To install the CPU profiler into your executable, add -lprofiler to the link-time step for your executable. (It's also probably possible to add in the profiler at run-time using LD_PRELOAD, but this isn't necessarily recommended.)
This does not turn on CPU profiling; it just inserts the code. For that reason, it's practical to just always link -lprofiler into a binary while developing; that's what we do at Google. (However, since any user can turn on the profiler by setting an environment variable, it's not necessarily recommended to install profiler-linked binaries into a production, running system.)
There are two alternatives to actually turn on CPU profiling for a given run of an executable:
$ CPUPROFILE=/tmp/profile /usr/local/netscape # sh % setenv CPUPROFILE /tmp/profile; /usr/local/netscape # cshOR
In Linux 2.6 and above, profiling works correctly with threads, automatically profiling all threads. In Linux 2.4, profiling only profiles the main thread (due to a kernel bug involving itimers and threads). Profiling works correctly with sub-processes: each child process gets its own profile with its own name (generated by combining CPUPROFILE with the child's process id).
For security reasons, CPU profiling will not write to a file -- and is thus not usable -- for setuid programs.
In addition to the environment variable
which determines where profiles are written, there are several
environment variables which control the performance of the CPU
||How many interrupts/second the cpu-profiler samples.|
pprof is the script used to analyze a profile. It has many output modes, both textual and graphical. Some give just raw numbers, much like the -pg output of gcc, and others show the data in the form of a dependency graph.
pprof requires perl5 to be installed to run. It also requires dot to be installed for any of the graphical output routines, and gv to be installed for --gv mode (described below).
Here are some ways to call pprof. These are described in more detail below.
% pprof "program" "profile" Generates one line per procedure % pprof --gv "program" "profile" Generates annotated call-graph and displays via "gv" % pprof --gv --focus=Mutex "program" "profile" Restrict to code paths that involve an entry that matches "Mutex" % pprof --gv --focus=Mutex --ignore=string "program" "profile" Restrict to code paths that involve an entry that matches "Mutex" and does not match "string" % pprof --list=IBF_CheckDocid "program" "profile" Generates disassembly listing of all routines with at least one sample that match the --list=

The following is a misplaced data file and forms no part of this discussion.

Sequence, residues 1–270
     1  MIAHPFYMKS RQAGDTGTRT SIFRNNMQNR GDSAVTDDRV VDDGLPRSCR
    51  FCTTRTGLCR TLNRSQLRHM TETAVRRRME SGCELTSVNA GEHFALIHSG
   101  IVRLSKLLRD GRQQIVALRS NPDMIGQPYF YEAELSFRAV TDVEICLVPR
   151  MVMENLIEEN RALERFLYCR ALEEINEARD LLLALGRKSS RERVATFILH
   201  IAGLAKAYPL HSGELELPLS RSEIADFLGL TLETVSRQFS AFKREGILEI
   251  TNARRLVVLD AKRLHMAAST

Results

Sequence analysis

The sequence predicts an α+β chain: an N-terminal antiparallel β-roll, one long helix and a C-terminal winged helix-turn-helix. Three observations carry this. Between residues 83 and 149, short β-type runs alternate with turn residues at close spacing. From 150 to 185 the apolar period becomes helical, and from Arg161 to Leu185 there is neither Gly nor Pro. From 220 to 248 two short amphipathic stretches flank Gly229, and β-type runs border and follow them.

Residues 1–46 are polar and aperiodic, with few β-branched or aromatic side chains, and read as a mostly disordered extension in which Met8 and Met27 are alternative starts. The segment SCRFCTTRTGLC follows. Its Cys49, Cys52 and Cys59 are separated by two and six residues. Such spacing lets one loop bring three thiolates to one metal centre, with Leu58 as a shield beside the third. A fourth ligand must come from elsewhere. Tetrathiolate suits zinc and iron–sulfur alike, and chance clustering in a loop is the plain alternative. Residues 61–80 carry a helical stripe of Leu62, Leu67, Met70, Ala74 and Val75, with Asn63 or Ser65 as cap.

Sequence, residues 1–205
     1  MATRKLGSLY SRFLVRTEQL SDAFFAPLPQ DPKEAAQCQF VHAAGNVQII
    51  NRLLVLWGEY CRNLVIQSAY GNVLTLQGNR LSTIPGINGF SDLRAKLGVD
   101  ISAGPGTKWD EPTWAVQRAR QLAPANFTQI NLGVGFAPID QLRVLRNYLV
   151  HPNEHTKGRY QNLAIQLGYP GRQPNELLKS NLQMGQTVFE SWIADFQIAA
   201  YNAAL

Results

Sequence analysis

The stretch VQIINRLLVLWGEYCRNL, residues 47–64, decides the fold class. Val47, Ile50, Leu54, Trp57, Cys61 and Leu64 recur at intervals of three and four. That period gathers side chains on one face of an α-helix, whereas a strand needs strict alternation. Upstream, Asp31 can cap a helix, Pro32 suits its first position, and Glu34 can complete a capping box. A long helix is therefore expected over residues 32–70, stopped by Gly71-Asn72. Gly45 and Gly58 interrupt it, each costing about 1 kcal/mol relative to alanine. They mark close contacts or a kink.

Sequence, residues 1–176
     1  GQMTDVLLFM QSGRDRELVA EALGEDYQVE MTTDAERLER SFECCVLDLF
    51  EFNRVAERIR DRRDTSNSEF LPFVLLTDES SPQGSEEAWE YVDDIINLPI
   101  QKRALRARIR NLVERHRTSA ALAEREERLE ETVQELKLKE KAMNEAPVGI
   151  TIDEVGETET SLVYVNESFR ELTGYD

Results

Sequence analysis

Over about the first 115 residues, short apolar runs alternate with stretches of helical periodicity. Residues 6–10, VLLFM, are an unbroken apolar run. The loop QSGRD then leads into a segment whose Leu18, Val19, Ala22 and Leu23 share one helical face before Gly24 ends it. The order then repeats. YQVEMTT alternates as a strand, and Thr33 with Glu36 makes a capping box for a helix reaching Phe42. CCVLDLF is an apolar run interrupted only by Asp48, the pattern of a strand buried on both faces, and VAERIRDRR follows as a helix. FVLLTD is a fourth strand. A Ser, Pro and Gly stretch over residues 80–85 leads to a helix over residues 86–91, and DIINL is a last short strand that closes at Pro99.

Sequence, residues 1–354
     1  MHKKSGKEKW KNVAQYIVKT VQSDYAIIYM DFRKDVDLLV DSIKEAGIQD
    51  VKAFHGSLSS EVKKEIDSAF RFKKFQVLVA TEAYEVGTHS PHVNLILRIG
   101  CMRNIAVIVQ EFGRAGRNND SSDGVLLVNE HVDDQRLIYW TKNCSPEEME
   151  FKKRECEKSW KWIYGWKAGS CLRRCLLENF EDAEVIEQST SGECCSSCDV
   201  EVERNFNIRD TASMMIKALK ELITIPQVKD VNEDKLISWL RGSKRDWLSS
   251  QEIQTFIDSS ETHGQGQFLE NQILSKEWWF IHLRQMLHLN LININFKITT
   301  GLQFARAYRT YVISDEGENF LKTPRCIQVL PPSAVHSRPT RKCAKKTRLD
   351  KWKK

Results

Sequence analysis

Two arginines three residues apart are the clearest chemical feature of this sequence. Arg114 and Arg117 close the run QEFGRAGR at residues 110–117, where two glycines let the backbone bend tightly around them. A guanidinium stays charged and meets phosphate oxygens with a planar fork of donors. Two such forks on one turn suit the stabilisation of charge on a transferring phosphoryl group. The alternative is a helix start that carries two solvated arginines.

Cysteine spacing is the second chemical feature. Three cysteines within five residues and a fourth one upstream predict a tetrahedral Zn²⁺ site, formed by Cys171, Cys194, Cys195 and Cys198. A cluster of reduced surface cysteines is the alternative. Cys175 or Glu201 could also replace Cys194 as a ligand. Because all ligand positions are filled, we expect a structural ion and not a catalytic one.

pattern. The listing is annotated with the flat and cumulative sample counts at each line. % pprof --disasm=IBF_CheckDocid "program" "profile" Generates disassembly listing of all routines with at least one sample that match the --disasm= pattern. The listing is annotated with the flat and cumulative sample counts at each PC value.
In the various graphical modes of pprof, the output is a call graph annotated with timing information, like so:
Each node represents a procedure. The directed edges indicate caller to callee relations. Each node is formatted as follows:
Class Name Method Name local (percentage) of cumulative (percentage)
The last one or two lines contains the timing information. (The profiling is done via a sampling method, where by default we take 100 samples a second. Therefor one unit of time in the output corresponds to about 10 milliseconds of execution time.) The "local" time is the time spent executing the instructions directly contained in the procedure (and in any other procedures that were inlined into the procedure). The "cumulative" time is the sum of the "local" time and the time spent in any callees. If the cumulative time is the same as the local time, it is not printed.
For instance, the timing information for test_main_thread() indicates that 155 units (about 1.55 seconds) were spent executing the code in test_main_thread() and 200 units were spent while executing test_main_thread() and its callees such as snprintf().
The size of the node is proportional to the local count. The percentage displayed in the node corresponds to the count divided by the total run time of the program (that is, the cumulative count for main()).
An edge from one node to another indicates a caller to callee relationship. Each edge is labelled with the time spent by the callee on behalf of the caller. E.g, the edge from test_main_thread() to snprintf() indicates that of the 200 samples in test_main_thread(), 37 are because of calls to snprintf().
Note that test_main_thread() has an edge to vsnprintf(), even though test_main_thread() doesn't call that function directly. This is because the code was compiled with -O2; the profile reflects the optimized control flow.